OPEC’s Nod to Biden Will Help Saudis, Not Oil Users

Changed OPEC+ agreement has less to do with oil prices than with Saudi Arabia’s diplomatic currency with Washington.

By guest author Jinjoo Lee from the Wall Street Journal

After months of ignoring oil consumers’ calls to turn on the taps, OPEC+ has finally agreed to step up production targets. But the real winner of the deal appears to be Saudi Arabia, not motorists.

The Organization of the Petroleum Exporting Countries and a Russia-led group of producers on Thursday agreed to increase crude production by 648,000 barrels a day in both July and August, compared with 432000 barrels a day each month according to their earlier pledge. But the stepped-up target follows a decline in Russian oil production since Moscow invaded Ukraine in late February.

The major exporter’s crude-oil production in April had dropped by 950000 barrels a day compared with its output in February, according to data from the International Energy Agency. The European Union earlier this week agreed to ban seaborne imports of oil and refined fuels from Russia.

Markets quickly reassessed how much real effect the stepped-up target would have on prices. Brent crude had fallen as low as USD 113 a barrel after The Wall Street Journal reported Wednesday that some OPEC members were exploring the idea of suspending Russia’s obligations to pump more oil under the extended group’s oil-production deal. Brent recovered to above $117 a barrel following Thursday’s announcement.

Saudi Arabia’s sudden change of heart appears to have less to do with oil prices—which have been in the triple digits for at least three months—and more to do with diplomatic currency with Washington, from which Saudi Arabia has been looking to get better security assurance. The change follows a flurry of visits by U.S. officials to the kingdom.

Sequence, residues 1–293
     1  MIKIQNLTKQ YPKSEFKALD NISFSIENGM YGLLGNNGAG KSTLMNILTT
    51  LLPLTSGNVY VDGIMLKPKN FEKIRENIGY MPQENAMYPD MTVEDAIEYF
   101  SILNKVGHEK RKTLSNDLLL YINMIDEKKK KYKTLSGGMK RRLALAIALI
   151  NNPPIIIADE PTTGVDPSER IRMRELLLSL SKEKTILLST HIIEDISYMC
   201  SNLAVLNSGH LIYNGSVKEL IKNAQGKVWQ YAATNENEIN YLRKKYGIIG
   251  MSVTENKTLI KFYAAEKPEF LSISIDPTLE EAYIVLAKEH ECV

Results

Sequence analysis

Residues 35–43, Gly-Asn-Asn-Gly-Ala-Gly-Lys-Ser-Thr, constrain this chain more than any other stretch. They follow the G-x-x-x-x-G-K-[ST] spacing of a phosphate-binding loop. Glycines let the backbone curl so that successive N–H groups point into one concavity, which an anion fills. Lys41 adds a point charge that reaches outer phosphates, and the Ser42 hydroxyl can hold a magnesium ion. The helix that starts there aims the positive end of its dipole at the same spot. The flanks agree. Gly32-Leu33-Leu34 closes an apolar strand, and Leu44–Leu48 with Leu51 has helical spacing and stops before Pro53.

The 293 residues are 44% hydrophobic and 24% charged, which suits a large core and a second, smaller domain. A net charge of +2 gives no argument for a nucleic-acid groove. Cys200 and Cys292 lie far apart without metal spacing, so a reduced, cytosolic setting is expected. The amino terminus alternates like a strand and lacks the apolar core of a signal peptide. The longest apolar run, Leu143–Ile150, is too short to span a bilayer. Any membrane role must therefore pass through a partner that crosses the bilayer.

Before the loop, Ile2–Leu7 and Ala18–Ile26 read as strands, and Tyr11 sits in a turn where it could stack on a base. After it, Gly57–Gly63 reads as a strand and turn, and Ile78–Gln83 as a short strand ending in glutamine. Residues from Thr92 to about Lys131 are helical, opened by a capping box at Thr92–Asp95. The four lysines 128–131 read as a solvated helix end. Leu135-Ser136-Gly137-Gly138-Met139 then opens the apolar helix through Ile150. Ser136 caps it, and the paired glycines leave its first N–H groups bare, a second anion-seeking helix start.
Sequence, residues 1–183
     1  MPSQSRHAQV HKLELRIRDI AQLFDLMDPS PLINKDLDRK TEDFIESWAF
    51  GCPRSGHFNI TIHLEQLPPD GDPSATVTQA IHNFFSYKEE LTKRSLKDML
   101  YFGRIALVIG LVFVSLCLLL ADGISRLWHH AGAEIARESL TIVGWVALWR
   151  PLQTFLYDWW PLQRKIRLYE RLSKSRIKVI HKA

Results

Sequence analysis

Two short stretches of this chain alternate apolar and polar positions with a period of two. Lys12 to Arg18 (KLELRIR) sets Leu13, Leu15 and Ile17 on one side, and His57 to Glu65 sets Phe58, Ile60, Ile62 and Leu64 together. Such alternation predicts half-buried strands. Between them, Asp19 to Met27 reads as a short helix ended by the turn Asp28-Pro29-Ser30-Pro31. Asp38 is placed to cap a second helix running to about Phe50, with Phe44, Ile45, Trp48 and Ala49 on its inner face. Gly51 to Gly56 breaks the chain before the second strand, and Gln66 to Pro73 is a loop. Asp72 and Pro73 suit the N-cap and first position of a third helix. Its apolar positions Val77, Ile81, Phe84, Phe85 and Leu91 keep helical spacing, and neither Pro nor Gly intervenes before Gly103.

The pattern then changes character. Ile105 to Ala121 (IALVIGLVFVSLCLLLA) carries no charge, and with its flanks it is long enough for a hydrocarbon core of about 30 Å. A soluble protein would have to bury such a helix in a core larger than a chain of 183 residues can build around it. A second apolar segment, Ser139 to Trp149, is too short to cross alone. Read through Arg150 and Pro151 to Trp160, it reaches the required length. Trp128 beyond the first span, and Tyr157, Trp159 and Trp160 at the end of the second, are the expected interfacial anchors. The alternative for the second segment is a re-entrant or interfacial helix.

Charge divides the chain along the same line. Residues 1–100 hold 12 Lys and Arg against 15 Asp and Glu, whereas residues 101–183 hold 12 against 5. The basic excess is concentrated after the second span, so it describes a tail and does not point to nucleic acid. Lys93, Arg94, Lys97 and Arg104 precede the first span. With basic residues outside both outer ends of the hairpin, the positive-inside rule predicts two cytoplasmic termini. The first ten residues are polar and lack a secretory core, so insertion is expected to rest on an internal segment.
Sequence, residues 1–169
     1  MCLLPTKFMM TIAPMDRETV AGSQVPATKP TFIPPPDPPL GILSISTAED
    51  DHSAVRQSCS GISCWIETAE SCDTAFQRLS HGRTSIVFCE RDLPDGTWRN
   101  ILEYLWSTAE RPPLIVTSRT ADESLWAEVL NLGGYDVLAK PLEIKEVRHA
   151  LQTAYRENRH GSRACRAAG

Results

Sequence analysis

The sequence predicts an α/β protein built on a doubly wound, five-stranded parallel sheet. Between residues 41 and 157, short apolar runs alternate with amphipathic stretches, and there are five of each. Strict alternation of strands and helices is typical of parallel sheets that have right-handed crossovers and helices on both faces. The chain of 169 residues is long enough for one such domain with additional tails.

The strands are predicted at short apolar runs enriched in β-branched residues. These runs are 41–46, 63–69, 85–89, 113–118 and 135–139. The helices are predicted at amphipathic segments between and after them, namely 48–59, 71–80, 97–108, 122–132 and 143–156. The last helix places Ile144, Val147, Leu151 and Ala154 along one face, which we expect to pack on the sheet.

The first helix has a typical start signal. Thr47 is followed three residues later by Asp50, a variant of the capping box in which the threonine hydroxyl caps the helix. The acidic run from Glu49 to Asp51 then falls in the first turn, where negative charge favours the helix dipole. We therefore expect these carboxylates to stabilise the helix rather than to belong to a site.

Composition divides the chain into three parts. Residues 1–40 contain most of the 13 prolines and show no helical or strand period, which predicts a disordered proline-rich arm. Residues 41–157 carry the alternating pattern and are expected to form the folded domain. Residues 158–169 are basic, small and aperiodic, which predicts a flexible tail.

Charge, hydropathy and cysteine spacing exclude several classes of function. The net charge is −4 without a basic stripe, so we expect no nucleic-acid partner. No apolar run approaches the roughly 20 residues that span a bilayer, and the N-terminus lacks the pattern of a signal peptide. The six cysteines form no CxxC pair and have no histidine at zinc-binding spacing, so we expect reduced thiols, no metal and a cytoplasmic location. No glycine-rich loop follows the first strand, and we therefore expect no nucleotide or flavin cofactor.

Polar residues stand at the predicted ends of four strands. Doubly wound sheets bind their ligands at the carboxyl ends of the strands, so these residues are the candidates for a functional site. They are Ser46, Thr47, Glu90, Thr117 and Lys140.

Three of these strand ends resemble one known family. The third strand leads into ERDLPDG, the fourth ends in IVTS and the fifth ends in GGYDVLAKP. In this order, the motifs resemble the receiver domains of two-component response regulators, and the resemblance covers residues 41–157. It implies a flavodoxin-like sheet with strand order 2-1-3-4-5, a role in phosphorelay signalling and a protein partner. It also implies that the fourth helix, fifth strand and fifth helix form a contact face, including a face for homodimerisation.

President Biden, who has had a far chillier relationship with the country’s leadership than his predecessor, could make a visit at the end of this month. Increasing oil production is a “central element” in talks about a possible visit, the Journal has reported.

Another reason prices rebounded could be that many OPEC members haven’t managed to keep up with the production allotted under their target quotas so far this year.

The group is almost certainly going to fall behind its stepped-up target in the months ahead. Even after taking Russia out of the equation, OPEC+ as a group was producing 1.32 million barrels a day below its collective target in April, according to IEA data. Many countries have been unable to keep up with rising targets because of “dwindling spare capacity and reduced operational efficiency,” according to the IEA.

The only countries that have any real spare capacity—meaning capacity that can be reached within 90 days and sustained for a long period—are Saudi Arabia and the United Arab Emirates. Between them, the two countries had less than 3 million barrels a day of spare capacity in April.

The stepped-up production plan also doesn’t do much to address the risk that Russia could deliberately hold back barrels.

Helima Croft, head of commodity strategy at RBC Capital Markets, wrote in a recent report that the European Union’s ban on seaborne Russian oil imports could lead Russia to slash exports this summer “to inflict maximum economic pain.” Notably, a Lukoil executive wrote in a Russian newspaper that Russia should cut oil production by 20% to 30% to get a better price on oil and to avoid selling at a discount, Reuters reported Monday.

Thursday’s OPEC+ agreement may have done wonders for Saudi Arabia diplomatically, but it is a drop in the ocean for oil markets.

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